“Every experience of beauty points to [eternity].” – Hans Urs von Balthasar
“A woman knows, down in her soul, that she longs to bring beauty to the world. She might be mistaken on how, but she longs for a beauty to unveil. This is in her heart, part of her design.”
I love those lines from Captivating, the companion book to Wild at Heart. The author’s words about beauty resonate deep in my soul. But to be really honest, it’s part of my heart that Chad doesn’t share. He doesn’t understand yet why picking out the perfect earrings in the morning, or sprinkling fresh herbs on a dinner plate, or wanting to hang art on our walls or arranging books on a shelf just so is important to me. I don’t expect him to share that, but I do have a desire, a longing, for him to get a piece of it, to see the joy that simple beauty brings to my life, to support my small pursuits of making things lovely.
I want our home to be beautiful. Not necessarily in the classic sense, with fancy appliances and stainless steel rails and exposed beams…oh. That is our house. But really, I want there to be a softness there, a welcoming, a sense of invitation into our lives. I want our home to reflect us.
I think Chad got a taste of how big the little things can be over the weekend, when we finally got a piece of art hung on the wall between the kitchen and living room. Smiles all over! My sister made it for us for Christmas – it’s a paper-collage nod to all the awesome doors we saw in Tallinn. It’s not anything overly special, but I like that Sar made it; I like that it references other places in the world that I love; I like that it goes well with colors in our house. But I really love that there’s a pretty little something hanging on our wall now, something that reflects who we are. I really love that I did something to make our home beautiful.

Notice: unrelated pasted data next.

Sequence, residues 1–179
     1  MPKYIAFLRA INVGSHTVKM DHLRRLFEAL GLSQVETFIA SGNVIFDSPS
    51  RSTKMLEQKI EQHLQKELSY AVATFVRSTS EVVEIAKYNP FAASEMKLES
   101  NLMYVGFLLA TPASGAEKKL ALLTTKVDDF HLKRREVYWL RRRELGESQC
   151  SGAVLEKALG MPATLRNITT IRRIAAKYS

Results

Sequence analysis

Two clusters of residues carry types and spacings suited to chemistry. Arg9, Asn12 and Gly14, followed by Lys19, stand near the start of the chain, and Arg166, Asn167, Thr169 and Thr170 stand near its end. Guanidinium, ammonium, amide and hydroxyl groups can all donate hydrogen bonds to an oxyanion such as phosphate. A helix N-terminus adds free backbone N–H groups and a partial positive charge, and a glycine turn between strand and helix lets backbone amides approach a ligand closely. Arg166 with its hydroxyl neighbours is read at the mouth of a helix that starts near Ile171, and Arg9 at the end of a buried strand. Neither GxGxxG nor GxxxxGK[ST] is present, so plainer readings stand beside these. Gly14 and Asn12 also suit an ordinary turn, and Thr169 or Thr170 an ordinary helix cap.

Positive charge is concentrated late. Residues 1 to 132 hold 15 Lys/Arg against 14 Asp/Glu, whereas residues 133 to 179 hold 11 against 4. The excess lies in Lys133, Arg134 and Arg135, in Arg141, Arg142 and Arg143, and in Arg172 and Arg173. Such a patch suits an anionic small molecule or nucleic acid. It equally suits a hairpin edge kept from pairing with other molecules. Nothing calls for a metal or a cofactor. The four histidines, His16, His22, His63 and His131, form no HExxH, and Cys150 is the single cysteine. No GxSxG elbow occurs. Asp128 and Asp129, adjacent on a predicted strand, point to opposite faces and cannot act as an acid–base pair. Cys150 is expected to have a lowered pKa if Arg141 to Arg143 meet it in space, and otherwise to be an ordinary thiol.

Isn’t it pretty?
And, just because it’s so good, I’m sharing some more of Stasi Eldredge’s thoughts on beauty. The following is totally ripped/paraphrased from Captivating, pages 37-42.
Beauty speaks. Think of what it’s like to be caught in traffic – horns blaring, exhaust billowing, suffocating…Then remember what it’s like to come into a beautiful place, a garden or meadow or quiet beach. There is room for your soul…You can rest. It is good. All is well. That’s what beauty says, All shall be well.
Beauty invites. A truly beautiful piece of music captures you; you want to sit and drink it in. The same is true of a beautiful garden or scene in nature. You want to enter in, explore, partake of it.
Beauty inspires. A teacher in the inner city explained to us why he insisted on putting a fountain and flowers in the courtyard of the building. “Because these children need to be inspired; to know that life can be better.”
Beauty is transcendent. Beauty reminds us of an Eden we have never known, but somehow know our hearts were created for. Beauty speaks of heaven to come, when all shall be beautiful. It haunts us with eternity. Beauty draws us to God.
There is a radiance hidden in your heart that the world desperately needs.